The Arab League said on Thursday it will seek to shore up international support for another attempt to obtain a UN resolution on ending Israel's occupation of Palestinian lands.
The decision at a gathering of Arab foreign ministers in Cairo came after Palestinian president Mahmud Abbas asked them for another chance following the UN Security Council's rejection of his last bid in December.
Those at the meeting gave several Arab countries the task of undertaking "the necessary communications and consultations to submit a new Arab proposal to the Security Council," a statement said.
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After last month's failed UN bid, the Palestinians were granted a request to join the International Criminal Court, in a move paving the way for them to pursue Israeli leaders for alleged war crimes.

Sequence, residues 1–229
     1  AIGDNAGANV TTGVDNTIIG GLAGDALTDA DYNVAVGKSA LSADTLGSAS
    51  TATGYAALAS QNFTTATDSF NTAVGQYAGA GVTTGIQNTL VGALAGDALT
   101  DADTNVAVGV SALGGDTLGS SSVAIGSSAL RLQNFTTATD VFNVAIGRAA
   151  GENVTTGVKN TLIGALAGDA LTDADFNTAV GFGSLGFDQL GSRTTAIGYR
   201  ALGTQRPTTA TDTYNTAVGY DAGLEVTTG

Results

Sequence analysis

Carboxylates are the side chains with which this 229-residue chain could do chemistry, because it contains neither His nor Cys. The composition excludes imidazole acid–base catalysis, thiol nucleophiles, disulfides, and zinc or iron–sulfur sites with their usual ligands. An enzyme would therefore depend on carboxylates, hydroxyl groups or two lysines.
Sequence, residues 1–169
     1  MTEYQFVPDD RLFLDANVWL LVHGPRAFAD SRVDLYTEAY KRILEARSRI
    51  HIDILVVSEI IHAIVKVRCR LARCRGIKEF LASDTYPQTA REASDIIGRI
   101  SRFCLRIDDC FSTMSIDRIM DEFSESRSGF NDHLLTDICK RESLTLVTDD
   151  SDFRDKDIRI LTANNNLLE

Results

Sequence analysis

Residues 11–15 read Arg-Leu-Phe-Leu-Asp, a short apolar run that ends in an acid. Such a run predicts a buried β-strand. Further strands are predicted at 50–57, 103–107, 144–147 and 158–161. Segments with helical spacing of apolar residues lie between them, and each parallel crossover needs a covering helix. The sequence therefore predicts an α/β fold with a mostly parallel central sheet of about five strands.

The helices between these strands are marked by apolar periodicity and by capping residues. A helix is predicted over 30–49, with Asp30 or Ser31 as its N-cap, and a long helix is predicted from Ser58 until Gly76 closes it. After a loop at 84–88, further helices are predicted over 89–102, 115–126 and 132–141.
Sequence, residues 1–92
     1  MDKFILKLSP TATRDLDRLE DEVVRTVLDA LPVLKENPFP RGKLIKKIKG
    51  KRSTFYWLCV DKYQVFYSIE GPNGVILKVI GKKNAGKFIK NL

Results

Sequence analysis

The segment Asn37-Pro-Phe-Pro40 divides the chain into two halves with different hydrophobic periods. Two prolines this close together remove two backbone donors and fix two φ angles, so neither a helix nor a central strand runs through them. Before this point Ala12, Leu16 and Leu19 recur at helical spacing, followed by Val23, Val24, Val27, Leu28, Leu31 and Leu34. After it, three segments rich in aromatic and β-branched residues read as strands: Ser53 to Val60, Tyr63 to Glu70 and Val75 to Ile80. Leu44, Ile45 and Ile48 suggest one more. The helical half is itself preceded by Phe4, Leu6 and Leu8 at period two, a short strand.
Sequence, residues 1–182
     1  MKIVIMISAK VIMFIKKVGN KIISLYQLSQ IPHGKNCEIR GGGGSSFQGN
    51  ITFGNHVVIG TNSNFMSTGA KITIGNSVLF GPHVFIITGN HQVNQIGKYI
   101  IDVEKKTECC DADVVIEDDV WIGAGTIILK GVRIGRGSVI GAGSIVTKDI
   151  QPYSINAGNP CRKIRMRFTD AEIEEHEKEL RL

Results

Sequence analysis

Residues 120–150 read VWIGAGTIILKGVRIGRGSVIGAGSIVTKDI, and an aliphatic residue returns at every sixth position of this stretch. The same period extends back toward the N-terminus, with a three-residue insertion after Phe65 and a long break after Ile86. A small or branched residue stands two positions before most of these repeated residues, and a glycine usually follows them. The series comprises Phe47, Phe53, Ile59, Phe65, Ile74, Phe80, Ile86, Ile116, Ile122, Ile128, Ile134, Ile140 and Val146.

In response, Israel froze the transfer of 106 million euros (about $126 million) in taxes collected on behalf of the Palestinians, and threatened legal countermeasures against the Palestinian leadership.
An Arab-backed resolution on ending the Israeli occupation by the end of 2017 was rejected at the Security Council on December 30, with the United States and non-permanent member Australia voting against it.
China, France and Russia were among eight countries that backed the resolution, just one vote short of the nine required for adoption.
Five countries seen as having a more pro-Palestinian stance began their term at the Security Council this month -- Angola, Malaysia, New Zealand, Spain and Venezuela.